Kendall adds: “Very often Daphne is here when the girls get home – like their mums used to be. And that’s very important for them – they need that and it makes them feel more secure. It’s as much Daphne’s presence as anything else.”

Another popular service is the Tuesday Club which meets at a city centre youth club between 4pm and 6pm. This provides a time for social interaction, informal access to staff, discussion and debate and – significantly – a culturally appropriate meal. “They come straight from college and there’s a range of activities – basketball, football, pool and table tennis. And there’s the food,” says Kendall. Five young Arab and Somali people who regularly attend were clearly getting on well together laughing and joking, and all agreed the club is a fun place to use: “It’s really good,” said one.

Recently, another group for 16-17 year olds has been set up. This was partly the result of a group of African young people wanting to meet together to explore their history, culture and need for refuge.

These schemes are in place to foster a sense of community and, of course, to give young people something to do. The decision to issue all unaccompanied asylum seeking children with leisure passes giving them free access to the city’s recreational facilities was also to do with ensuring young people are occupied. As Thompson says: “If we don’t have drop-ins or give people things to do they hang about. And unfortunately in today’s society if more than three men stand about together then that is seen as intimidating.” The passes help keep the young people occupied and healthy. However, as Bennetts points out the passes, although free, have to be earned: “They will only get one if they are in school or college. And they have to put in a month’s attendance before they become eligible.”

“It is a reward for educational attendance,” says Kendall, “as is the free bus pass. These rewards are very effective in getting people to do things, but they are mostly very motivated – I think only four people over the past 16 months have refused to attend college or work-based learning schemes.”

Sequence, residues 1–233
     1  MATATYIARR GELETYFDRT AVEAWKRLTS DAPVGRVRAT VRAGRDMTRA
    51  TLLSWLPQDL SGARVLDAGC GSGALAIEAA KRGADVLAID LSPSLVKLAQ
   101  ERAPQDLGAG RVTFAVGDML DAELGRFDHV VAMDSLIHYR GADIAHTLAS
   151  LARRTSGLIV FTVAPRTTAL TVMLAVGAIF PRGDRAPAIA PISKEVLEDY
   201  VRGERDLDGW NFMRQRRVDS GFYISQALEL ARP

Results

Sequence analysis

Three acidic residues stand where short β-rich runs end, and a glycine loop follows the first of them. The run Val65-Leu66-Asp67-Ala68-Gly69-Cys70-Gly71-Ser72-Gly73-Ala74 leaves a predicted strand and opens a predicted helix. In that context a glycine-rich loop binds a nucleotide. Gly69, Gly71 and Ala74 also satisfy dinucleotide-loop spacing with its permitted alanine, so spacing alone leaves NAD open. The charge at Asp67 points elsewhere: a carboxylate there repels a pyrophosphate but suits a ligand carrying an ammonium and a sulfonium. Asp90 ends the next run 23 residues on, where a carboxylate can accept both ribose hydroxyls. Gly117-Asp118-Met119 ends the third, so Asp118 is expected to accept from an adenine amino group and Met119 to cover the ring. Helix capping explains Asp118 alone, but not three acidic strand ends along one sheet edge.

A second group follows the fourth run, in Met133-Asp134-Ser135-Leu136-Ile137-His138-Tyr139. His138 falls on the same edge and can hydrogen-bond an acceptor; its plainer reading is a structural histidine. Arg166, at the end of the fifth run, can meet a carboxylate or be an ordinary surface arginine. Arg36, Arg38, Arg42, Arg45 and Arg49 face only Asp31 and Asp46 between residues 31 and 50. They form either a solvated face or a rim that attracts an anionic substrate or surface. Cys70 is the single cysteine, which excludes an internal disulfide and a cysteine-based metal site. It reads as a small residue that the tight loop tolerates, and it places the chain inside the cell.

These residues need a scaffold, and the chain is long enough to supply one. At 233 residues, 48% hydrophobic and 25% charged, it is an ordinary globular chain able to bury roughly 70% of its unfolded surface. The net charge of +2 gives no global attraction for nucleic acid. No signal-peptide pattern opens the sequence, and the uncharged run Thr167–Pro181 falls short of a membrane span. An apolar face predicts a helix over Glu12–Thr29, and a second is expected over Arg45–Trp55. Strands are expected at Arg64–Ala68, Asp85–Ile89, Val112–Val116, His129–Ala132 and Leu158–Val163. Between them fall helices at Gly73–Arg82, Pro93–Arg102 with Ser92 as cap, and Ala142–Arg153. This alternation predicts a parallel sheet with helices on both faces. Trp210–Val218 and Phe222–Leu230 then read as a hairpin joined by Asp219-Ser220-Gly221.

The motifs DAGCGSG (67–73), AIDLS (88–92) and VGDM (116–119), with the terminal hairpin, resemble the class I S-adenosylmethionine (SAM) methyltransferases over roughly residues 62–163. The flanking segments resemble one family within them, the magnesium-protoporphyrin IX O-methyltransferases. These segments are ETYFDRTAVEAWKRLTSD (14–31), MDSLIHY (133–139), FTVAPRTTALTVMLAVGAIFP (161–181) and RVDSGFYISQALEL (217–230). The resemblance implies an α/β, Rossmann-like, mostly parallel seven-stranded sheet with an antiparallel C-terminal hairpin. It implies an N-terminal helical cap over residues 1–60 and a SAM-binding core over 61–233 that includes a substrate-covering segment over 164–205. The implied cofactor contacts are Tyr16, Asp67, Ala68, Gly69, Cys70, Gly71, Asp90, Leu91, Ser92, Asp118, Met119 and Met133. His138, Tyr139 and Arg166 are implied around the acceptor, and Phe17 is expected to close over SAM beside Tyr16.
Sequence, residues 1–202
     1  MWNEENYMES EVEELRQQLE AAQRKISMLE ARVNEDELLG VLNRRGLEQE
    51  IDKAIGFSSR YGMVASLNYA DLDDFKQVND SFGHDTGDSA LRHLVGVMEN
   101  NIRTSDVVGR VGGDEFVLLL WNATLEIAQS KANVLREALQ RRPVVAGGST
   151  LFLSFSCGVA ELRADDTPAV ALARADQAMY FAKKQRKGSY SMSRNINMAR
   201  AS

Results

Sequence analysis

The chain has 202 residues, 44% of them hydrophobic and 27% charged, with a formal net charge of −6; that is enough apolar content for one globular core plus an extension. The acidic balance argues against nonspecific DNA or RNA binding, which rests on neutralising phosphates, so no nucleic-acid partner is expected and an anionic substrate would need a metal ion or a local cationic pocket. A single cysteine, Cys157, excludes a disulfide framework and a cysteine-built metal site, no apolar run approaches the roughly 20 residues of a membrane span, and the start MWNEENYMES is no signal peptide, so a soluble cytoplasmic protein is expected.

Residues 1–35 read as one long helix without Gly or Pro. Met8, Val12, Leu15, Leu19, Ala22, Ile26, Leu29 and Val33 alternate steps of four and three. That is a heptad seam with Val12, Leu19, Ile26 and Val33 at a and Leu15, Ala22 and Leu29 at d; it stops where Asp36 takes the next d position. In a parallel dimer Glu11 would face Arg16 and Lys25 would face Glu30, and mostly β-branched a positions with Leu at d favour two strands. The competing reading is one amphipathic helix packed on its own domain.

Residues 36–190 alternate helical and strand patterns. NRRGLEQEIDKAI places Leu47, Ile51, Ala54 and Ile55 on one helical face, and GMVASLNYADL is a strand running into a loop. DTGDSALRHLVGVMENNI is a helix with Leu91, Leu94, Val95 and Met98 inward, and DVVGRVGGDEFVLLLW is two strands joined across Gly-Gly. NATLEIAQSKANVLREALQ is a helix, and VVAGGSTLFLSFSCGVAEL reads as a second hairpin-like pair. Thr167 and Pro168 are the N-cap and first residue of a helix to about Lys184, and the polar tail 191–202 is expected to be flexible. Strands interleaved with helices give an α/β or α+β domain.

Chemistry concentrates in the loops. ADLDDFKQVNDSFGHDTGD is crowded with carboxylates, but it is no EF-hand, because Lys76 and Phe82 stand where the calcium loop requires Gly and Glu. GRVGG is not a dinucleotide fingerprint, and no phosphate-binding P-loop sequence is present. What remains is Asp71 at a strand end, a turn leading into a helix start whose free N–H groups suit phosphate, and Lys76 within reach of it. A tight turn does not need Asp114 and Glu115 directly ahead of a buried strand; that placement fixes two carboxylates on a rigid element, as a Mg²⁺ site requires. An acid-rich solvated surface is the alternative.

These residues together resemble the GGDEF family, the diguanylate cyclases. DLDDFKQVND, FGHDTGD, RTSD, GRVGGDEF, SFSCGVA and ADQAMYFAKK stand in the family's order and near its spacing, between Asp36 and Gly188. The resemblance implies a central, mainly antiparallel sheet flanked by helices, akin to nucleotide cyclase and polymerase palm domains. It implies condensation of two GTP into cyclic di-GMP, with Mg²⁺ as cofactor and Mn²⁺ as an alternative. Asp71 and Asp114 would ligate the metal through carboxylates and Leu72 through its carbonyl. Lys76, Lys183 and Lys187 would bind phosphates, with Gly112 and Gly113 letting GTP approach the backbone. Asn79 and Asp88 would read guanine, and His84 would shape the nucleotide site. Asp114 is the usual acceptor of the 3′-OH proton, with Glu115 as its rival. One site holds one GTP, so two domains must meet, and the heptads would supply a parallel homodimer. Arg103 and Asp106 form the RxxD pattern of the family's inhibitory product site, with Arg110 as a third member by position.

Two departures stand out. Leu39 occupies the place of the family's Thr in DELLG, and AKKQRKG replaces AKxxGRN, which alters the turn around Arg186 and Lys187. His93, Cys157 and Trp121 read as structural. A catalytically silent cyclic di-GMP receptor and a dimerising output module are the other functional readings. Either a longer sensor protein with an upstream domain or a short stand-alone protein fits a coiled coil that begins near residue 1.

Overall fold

Indeed, education is seen as a free pass in itself: a pass to a better life. “The children want to do well – so education is seen as a positive thing to pursue,” says Kendall.

“Some of the young people have been an inspiration,” adds Thompson. “Their commitment and desire to do well is incredible. They have come to our schools and in a couple of years have learned a language and picked up a spate of GCSEs – they can only have a tremendous effect on schools.”

One school with a previous less-than-shining Ofsted report found itself being commended in its most recent report for the way asylum seeking children have been integrated into the mainstream. It’s that ethic of inclusiveness again.

The young people also have an undeniable motivation to give something back. Indeed, the latest plan hatched by two family support workers is to lead two groups of unaccompanied asylum seeking children in carrying out voluntary work as part of the South Yorkshire police “Lifestyle awards” over the coming summer holidays. This will hopefully offer the young people the chance to be seen making a positive commitment to the local community, reinforce a positive image of asylum seekers and raise their self esteem.

For those seeking asylum, the streets of Sheffield may not be paved with gold (or stainless steel for that matter), but the welcome, commitment and quality of services available have a priceless ring about them. The way services were shaped along simple lines of inclusiveness and outcomes is what glisters impressively. As Thompson says: “This was a service where we could practice what we preached.”


Scheme: Asylum seekers team.

Location: Sheffield, South Yorkshire.

Staffing: The corporate asylum team has 28 staff. The social work side includes a team manager, five social workers, one part-time social worker who specialises in the assessment and support of foster carers, four family support workers and one seconded residential social worker.

Inspiration: To integrate unaccompanied asylum-seeking children into the community.

Cost: All work is funded through Home Office grant.